Airbus flings trash talk at Boeing's sales pitch

FARNBOROUGH, England — What are the real chances of success for Boeing's new 7E7 jet? At the Farnborough Air Show, one can ask Boeing and Airbus in person.

Squeezed into a tiny office in the noisy Boeing media building, Toby Bright, the company's top salesman, was low-key and matter of fact.

He couldn't reveal too much about unannounced possibilities in his 7E7 sales-campaign books. But he was quietly confident.

"There's a good chance we can end up close to the 200 number" for 7E7 orders by year-end, he said, then added disarmingly: "I have made a commitment to Alan [Mulally, Boeing Commercial Airplanes CEO] that's a little bit less than that — what I feel absolutely positive about."

A short walk up the hill from the Farnborough runways to an adjacent street in this temporary city of pre-fab "chalets," Airbus' top salesman, John Leahy, held court in brasher style.

Upstairs in the sumptuous main Airbus chalet — not the media center but the ritzier surroundings where airline executives and suppliers are entertained — Leahy was ending a day of meetings.

Talking in rapid, well-crafted sentences, calmly but firmly, he trashed the 7E7 and all the "hype" Bright has spun around a jet that represents Boeing's only hope for a commercial-airplanes future.

"I can't see where this big demand is supposedly coming from," Leahy said. "It may be more in the category of wishful thinking than firm orders."

Boeing has already announced 62 initial orders for the 7E7. That's a very promising start. But no contracts have been signed.

Interest is extremely high from a wide cross-section of airlines, Bright said, even from the troubled U.S. carriers.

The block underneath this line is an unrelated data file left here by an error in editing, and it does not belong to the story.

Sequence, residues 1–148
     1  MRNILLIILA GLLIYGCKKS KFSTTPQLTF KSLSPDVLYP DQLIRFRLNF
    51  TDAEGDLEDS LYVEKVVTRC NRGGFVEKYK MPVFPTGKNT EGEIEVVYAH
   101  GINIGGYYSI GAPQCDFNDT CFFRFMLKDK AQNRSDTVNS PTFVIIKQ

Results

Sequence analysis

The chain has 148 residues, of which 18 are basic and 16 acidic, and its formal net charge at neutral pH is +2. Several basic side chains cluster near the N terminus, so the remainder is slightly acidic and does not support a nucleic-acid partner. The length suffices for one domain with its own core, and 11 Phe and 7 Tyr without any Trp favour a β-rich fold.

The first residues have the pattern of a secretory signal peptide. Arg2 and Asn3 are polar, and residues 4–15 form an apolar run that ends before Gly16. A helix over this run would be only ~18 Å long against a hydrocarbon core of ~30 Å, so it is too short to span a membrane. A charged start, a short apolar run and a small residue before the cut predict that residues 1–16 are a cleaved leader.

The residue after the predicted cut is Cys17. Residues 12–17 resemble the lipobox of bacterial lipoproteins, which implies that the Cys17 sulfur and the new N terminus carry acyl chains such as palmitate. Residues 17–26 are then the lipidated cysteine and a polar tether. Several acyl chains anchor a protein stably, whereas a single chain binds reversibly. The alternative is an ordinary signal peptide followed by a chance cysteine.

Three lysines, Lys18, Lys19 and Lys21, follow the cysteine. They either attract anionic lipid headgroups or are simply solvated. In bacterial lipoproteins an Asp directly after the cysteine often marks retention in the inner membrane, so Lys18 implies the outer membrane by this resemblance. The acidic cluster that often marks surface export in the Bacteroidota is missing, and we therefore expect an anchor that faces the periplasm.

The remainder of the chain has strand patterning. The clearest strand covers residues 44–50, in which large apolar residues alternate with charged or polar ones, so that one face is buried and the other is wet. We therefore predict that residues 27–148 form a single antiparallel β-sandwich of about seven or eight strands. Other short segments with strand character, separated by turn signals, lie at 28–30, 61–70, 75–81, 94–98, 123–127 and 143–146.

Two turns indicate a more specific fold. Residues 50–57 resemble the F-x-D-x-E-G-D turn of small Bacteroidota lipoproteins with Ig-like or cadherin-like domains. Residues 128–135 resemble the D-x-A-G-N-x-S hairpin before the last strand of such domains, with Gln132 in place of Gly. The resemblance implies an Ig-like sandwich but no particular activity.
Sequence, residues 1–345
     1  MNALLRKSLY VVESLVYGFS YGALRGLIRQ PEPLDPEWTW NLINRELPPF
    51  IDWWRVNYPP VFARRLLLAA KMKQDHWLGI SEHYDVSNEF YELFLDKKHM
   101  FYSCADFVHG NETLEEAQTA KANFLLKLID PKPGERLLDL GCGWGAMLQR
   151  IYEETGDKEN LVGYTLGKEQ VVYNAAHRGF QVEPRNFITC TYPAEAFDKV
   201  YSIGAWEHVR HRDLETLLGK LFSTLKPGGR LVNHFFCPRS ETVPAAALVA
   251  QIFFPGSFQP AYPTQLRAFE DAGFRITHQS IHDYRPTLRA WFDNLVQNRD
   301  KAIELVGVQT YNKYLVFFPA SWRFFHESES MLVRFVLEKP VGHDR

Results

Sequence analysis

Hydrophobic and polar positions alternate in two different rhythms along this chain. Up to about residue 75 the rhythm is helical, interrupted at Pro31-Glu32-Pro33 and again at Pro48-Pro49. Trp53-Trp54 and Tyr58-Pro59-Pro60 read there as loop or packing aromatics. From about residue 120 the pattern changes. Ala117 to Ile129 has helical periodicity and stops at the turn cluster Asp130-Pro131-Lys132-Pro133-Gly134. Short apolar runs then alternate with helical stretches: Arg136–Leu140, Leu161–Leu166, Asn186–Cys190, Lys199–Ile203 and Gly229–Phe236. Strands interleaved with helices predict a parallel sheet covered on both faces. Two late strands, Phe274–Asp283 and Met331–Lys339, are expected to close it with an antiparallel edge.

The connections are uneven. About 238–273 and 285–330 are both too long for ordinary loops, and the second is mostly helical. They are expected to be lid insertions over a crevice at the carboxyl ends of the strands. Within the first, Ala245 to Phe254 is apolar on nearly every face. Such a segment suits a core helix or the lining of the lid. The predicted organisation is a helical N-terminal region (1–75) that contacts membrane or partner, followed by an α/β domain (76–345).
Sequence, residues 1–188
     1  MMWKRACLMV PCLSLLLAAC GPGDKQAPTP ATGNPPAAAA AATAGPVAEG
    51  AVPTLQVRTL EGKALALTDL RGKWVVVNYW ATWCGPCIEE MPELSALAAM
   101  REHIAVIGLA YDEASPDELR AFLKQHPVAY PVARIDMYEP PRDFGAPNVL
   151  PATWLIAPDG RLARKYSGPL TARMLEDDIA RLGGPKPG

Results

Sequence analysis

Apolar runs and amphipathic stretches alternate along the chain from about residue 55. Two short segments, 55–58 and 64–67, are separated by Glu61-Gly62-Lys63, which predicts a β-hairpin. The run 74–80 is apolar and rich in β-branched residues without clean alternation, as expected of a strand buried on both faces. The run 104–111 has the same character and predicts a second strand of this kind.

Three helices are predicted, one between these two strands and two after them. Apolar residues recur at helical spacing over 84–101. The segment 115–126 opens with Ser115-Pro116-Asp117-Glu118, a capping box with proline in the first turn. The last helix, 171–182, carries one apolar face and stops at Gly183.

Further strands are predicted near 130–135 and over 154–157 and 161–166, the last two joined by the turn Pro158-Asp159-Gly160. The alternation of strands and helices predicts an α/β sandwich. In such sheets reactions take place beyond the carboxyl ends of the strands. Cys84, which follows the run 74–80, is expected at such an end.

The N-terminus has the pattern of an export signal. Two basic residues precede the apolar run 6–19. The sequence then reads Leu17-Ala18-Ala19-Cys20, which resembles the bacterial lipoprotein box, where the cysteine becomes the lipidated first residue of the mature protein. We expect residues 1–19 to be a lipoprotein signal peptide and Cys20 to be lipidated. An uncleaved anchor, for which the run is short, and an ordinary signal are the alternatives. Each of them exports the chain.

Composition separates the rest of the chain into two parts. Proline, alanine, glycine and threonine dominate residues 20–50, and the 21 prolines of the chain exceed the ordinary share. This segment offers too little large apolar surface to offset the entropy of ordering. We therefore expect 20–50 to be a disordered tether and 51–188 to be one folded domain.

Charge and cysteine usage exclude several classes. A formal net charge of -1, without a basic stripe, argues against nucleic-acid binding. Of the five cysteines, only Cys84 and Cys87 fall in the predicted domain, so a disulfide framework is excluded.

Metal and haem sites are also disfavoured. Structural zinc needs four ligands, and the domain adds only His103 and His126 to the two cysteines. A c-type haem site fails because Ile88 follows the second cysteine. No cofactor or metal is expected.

"Six months ago, I wouldn't have guessed we'd have the same interest from U.S. carriers," he said.

Carriers that have put down deposits have been awarded temporary slots in the delivery queue.

Of the 92 7E7 deliveries slated for 2008 and 2009, all have been assigned. And 80 percent of the delivery slots for 2010 have been filled.

But some of the 200 orders Bright is counting on are proposals-to-buy based on refundable deposits.

He is patiently negotiating the final contracts, though not with infinite patience.

"At some point, you have to say to a carrier: 'If you want to hold your positions, you have to make your deposit nonrefundable.' "

This squishiness is an easy target for Leahy. He simply doesn't believe the projection of 200 orders.

In constant touch with the same airlines as Bright, Leahy is, of course, keen to sell them A330-200s, the mid-sized Airbus jet that the 7E7 will compete against.

He thinks airline executives would tell him if they were close to signing a 7E7 deal. But none has, he said.

"I can't see where this big demand is supposedly coming from," Leahy said. "It may be more in the category of wishful thinking than firm orders."

Then he ran through some peripheral 7E7 features that Boeing touts: the cool exterior look and interior decor, the high windows, the improved cabin air pressure — and dismissed them all as irrelevant.